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  • Writer's pictureMike Douglas

Talking about Mental Health at Interview and in the Workplace

This morning I read a blog post by Kayleigh (@veryberrycosmo) about mental health and employment and I started to write a comment at the bottom of the post. That 'short' comment started to turn into a ramble. So I thought I would turn that....I guess frustration into a blog post of my own.

Let me start by saying this is very much based on MY experience, everyone is different and will have different thoughts and experiences of this. Additionally so much of this, for me, is about your relationship with those around you. So that will dramatically affect your decisions and experiences.

I have never revealed or discussed my mental health in any of the workplaces I have had. I have discussed it with colleagues AFTER I have left that place of work. Because at that point they are no longer colleagues, they are friends and not really related to my work.

I do feel slightly ashamed of this because part of my current job is encouraging students to come forward and feel they can talk about their own experiences while encouraging discussion of mental health across the institution. I believe I do a really good job of this. However, 'coming out' and using myself as an example could be a very useful thing in terms of empowering and awareness raising. However...

I have never felt comfortable talking about my mental health in the workplace. I think this is for a few different reasons. Firstly the fact that at the beginning I didn't know what was going on so its really hard to talk about something why you don't know its affecting you! Then either through social stigma, or the stigma that I hold within my own head I didn't / don't feel committable to talk about this at work. Towards the start of my mental health adventure I moved workplaces a lot, I had 5 jobs in 12 months. So connecting with people I was working with didn't really happen. Part of that was contractable, but it was also me probably avoiding those connections while I struggled to work out what was happening to me. That being said there are some people I worked with in that time that I am still in contact with as friends and thats been cool. That despite only knowing those people for a short time bonds can still be made. The best example of this is Kelly, who I worked with for a grand total of 2 months. She's moved from Bournemouth to Scotland now, but we regularly talk and I am very open with her about my struggles and experiences (obviously she doesn't get told everything, but then the other person that gets that is probably Sarah). For me this is a great example that those connections can be made even in a short space of time. I have a huge amount of respect and admiration for Kelly and hope to see her again some time soon.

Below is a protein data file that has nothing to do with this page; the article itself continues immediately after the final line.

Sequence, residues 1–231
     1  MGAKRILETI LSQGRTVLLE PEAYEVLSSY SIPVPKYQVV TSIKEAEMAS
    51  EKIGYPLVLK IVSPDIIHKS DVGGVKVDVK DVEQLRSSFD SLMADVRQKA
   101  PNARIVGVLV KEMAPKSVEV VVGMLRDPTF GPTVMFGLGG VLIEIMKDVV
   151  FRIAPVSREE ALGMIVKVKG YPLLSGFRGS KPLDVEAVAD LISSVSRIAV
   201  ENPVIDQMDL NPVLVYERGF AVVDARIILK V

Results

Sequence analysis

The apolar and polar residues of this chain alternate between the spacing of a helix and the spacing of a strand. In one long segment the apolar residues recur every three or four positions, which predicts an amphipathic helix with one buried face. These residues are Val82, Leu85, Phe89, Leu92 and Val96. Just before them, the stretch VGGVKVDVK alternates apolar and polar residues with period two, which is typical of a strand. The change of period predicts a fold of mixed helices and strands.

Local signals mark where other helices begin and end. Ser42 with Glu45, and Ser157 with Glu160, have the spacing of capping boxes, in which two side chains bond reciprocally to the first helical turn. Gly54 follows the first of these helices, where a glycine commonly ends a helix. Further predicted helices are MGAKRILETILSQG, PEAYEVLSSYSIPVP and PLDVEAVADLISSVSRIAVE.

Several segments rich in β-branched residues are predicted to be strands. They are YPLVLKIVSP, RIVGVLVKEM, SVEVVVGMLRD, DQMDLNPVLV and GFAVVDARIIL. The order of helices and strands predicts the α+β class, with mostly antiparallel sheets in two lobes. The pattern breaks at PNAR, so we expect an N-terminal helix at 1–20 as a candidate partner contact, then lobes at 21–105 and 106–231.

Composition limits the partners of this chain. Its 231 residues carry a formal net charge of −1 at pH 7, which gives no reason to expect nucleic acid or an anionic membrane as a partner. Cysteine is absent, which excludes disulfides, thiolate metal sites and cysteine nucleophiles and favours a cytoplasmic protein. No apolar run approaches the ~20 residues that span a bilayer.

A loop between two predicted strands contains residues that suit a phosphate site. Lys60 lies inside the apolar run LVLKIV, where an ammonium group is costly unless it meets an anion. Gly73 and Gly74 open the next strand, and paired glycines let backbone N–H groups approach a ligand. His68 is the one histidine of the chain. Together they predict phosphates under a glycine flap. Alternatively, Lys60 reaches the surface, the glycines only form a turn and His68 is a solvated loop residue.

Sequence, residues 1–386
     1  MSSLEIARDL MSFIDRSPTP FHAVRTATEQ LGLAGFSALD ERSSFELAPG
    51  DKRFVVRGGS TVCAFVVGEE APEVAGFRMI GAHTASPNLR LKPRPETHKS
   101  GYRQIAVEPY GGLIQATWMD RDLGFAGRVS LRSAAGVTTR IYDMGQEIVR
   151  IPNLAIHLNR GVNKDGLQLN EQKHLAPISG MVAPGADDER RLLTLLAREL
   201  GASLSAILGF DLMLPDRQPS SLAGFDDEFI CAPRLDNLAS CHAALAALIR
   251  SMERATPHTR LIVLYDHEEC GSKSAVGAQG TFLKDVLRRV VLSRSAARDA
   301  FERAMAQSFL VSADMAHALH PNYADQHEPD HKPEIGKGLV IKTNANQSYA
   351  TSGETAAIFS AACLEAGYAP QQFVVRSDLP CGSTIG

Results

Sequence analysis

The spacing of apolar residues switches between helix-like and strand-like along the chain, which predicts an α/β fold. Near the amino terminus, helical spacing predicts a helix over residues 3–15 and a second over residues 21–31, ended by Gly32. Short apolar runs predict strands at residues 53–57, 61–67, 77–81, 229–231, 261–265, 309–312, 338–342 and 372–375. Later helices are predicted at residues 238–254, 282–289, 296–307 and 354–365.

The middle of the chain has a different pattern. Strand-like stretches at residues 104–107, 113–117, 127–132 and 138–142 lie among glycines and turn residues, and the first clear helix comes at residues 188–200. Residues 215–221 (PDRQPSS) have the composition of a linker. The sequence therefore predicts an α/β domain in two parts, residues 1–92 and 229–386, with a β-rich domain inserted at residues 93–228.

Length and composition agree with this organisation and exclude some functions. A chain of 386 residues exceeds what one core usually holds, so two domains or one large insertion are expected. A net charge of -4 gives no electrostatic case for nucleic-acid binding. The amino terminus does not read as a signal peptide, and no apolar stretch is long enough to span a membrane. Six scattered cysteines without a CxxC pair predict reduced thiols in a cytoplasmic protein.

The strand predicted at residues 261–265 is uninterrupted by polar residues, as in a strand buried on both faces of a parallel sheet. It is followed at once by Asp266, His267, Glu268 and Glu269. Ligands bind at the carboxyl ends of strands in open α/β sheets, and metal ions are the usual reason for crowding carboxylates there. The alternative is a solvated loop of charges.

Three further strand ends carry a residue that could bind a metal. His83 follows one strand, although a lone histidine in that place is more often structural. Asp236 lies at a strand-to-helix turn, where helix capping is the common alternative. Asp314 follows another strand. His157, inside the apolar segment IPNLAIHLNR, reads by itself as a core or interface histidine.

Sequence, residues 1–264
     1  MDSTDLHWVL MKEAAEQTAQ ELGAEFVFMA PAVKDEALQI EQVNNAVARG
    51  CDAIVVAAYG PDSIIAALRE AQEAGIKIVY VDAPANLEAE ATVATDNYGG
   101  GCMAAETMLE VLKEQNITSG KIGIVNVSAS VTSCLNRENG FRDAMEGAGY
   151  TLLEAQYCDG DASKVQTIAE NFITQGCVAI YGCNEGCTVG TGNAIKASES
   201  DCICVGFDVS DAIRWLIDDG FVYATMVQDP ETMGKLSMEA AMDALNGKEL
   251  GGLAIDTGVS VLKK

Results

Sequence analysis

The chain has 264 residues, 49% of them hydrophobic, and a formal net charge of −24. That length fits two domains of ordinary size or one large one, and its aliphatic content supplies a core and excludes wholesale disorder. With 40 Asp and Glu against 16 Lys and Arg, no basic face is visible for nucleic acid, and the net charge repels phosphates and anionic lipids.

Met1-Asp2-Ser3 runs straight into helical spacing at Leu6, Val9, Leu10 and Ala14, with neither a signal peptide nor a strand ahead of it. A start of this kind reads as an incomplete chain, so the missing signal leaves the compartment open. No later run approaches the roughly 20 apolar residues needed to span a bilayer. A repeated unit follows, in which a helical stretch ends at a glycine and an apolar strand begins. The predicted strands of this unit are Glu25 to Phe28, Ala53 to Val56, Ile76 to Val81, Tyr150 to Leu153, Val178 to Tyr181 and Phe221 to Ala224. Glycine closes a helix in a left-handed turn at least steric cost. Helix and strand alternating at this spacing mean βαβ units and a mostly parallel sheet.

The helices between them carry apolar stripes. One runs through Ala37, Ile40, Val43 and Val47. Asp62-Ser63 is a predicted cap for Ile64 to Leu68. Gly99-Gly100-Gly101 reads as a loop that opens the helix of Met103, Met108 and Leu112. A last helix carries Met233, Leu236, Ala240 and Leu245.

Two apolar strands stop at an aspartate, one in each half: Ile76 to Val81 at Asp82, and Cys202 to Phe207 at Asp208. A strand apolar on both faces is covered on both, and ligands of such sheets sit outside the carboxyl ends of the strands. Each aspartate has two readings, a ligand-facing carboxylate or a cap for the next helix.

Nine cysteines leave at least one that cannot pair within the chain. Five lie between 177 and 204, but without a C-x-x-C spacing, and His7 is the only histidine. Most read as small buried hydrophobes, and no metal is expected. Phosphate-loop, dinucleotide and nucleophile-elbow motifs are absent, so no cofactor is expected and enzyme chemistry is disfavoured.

The workplace, of me has always been somewhere you take pride in yourself and your work. You act in a certain way because of your 'role' and the professional setting and expectations. While I have always had my own...approach. I have for most of my working life conformed to the social norms and perceived expectations. Yes, to some extent that has been affected by the positions and institutions I have worked for. But isn't that the same for most people? We all have or see these expectations.

Recently I would say I have started to drift from this slightly. In my last job, I was much more forthright in my views and ideas (see my podcast with Matt and Wes for a bit more on this). Then in my current workplace my appearance has continued to become less...traditional with the long hair and beard. I am yet to try jeans!

Despite this I continue to hold back about my mental health.

When I commented on Kayleigh's blog, I found myself thinking of all these things many of us do because of our mental health. We blog, podcast, talk to people, give advise, support, we listen. To do this we have build websites, set up blog or podcast feeds, we have attended events, some have organised events. Heck some have won awards! This is such a big part of our lives, even if you don't feel like you do many of these things. We have developed so many skills and experiences, that if applied to any other field we would be encouraged to talk about (in detail) because of benefit of these experiences and skills. Not to mention the other personal attributes (confidence, time management, drive, determination etc) that we have demonstrated. By not talking about these things we essentially miss out on something that would really make us stand out compared to other people, particularly in an interview / application scenario. But that stigma, whether held socially or within ourselves holds us back.

While I will likely continue, in the short term at least, to not discuss my mental health in the workplace. I would like to think I would be able to mention it in an interview in the future. Because I believe when Im asked about my personal life, my character, my 'hobbies' much of those questions would be best answered by talking about my experience in the social setting of the mental health discussion. I am not applying to anywhere at the moment so this is an easier statement for me to make I guess.

How about you, would you feel at ease talking about your blog / podcast / website in an interview or at the workplace?

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